What’s here and what isn’t.

I interviewed August Wilson more than once. He was prickly, could be racist, provocative or ridiculous (“Black people started carrying guns only after Bernie Goetz opened fire on blacks on the New York City subway,” he told me. And he would not back off from this when I pressed him. He seemed to get angry when questioned about his beliefs.)

Sadly, August Wilson is no longer here, he has come and gone as they say. He died too young in October 2005, before he could finish polishing “Radio Golf,” but still able to say he completed his monumental achievement of one play about the African-American experience for each decade of the twentieth century.

The best interview I ever lost was in 1995. I spent an afternoon with August Wilson, in the old Goodman Theater, as he observed rehearsals of Seven Guitars. He was still re-writing it, as he did ’til the end with his plays. My mini-disc machine failed and the beautiful, stimulating conversation I had with August Wilson was lost forever.

If you love rich language, meaningful dialogue, viewing prickly issues through many lenses, personal transformations, fine acting, a great set, costumes and lighting; if you’re interested in history, or affected by the difficult struggle to preserve it in a nation that prefers not to remember but to focus on the future, then you must see the superlative acheivement of August Wilson. Read up on his ten-play cycle. And don’t miss “Radio Golf.”

Because it’s here now.

-Edward

02/08/2006

The Goodman is gone.

Don’t know if you’ve been by the corner of Monroe and Columbus Drive lately.
I hadn’t – until last night on my way to the Art Institute.

Where once stood the stately – very stately – Goodman Theater — is now a large hole in the ground. The Goodman is gone.

Forever. Never again to walk down those stairs and into that very dignified, intimate, column-free, wood-paneled “living room” (it felt like you were in a friend’s living room.)

It was there that I learned about theater as a child. Especially serious theater. The Shubert, and other Loop theaters were for more commercial runs. The Goodman was smart. Now those memories are

blurred.

And aren’t we about to start a Mamet Festival soon? Many have Mamet memories, at the Goodman. Some of my strongest are August Wilson memories.

Who remembers what the quote said engraved over the front door? Something about art being fleeting, or, “Oh enlighten thee all who enter here.” What was it again?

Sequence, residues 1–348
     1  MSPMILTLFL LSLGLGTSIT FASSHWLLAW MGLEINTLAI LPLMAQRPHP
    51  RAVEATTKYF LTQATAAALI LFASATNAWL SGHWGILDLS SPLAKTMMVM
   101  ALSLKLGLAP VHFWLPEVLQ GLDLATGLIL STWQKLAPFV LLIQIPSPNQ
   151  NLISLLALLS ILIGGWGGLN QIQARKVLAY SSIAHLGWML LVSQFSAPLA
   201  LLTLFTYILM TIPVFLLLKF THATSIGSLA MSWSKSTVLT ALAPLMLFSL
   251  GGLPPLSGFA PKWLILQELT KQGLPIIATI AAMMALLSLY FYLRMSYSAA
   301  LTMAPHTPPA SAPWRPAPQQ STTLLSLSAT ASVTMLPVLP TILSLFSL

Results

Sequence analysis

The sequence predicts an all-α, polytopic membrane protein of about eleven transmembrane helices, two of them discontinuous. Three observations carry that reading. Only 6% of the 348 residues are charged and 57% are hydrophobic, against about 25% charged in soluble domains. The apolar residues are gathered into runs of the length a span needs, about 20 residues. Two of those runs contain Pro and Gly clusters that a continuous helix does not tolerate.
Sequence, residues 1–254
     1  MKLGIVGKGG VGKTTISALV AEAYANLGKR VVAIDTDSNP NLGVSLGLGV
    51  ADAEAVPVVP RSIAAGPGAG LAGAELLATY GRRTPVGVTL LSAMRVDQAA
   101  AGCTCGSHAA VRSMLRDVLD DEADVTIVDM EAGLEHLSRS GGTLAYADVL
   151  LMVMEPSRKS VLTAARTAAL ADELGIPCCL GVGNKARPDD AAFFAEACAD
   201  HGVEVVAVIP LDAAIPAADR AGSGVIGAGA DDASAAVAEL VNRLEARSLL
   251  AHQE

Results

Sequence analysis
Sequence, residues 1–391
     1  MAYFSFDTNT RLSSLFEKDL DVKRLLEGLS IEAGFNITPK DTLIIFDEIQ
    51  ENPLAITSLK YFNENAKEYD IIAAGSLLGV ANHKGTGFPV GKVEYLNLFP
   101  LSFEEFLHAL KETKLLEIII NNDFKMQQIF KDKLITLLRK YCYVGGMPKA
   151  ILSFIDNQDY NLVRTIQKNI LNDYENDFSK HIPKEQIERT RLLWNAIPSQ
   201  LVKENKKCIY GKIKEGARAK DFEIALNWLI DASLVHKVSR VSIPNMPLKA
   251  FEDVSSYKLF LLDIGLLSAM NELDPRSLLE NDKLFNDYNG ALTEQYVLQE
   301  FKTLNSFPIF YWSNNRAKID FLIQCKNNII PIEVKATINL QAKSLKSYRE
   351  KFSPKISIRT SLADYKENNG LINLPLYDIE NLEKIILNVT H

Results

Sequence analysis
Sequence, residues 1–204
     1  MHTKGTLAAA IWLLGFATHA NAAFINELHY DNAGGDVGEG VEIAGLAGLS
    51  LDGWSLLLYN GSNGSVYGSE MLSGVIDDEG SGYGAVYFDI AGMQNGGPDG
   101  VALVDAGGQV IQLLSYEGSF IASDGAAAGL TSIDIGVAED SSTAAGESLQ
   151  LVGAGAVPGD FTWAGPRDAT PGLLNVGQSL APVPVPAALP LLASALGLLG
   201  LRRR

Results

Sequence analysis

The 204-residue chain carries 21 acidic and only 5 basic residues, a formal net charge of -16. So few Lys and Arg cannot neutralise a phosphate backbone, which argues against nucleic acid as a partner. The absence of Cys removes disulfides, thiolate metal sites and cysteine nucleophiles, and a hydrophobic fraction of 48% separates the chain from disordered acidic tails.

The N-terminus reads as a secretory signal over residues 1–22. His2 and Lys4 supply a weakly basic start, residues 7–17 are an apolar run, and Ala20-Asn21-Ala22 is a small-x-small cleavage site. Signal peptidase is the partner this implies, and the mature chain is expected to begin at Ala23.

Photo on the left shows the site looking west from Columbus Drive at Monroe. Above this will rise the new Modern Wing, of the Art Institute.

Photo on the right is looking north, at the Sullivan arch from the Stock Exchange, in front of it was a garden and a fountain. The arch is shrouded in black, at the loss of its neighbor, the old Goodman Theater? It too remembers being torn down.

Piano’s glass pavillion for the Modern Wing of the Art Institute should be nice, tho’ the backlash against it in arch. circles has started – “Not risky enough.” “A safe choice.” “Piano has already done too many museum additions in too many cities.” “What about local talent – this is Chicago!”

But I’d like to know why we tore down Howard van Doren Shaw’s Goodman Theater, which would have easy to save since it was mainly underground.

And what’s this I spy?

“Historic preservation is based on the premise that the past, present, and future have a continuity that is essential to the health of our society.”

Oh, that’s from the School of the Art Institute itself. Which offers a Master of Science in Historic Preservation. Couldn’t save the old Goodman.

The new Goodman, stands at 170 North Dearborn Street. (Complete with very tacky “Grand” staircase.) I know, I know, the offices are much better for the staff and the acoustics are better and there’s more flyspace. But I never saw a play at the fine old Goodman and said to myself, “Gosh, I wish they had more flyspace.” It was a classy place to listen to serious writing. Seems there’s no place for that anymore. And I always wondered, because the acoustics were bad, did that make you listen harder, and help you have the deep experiences so many of us had there?
-Edwardo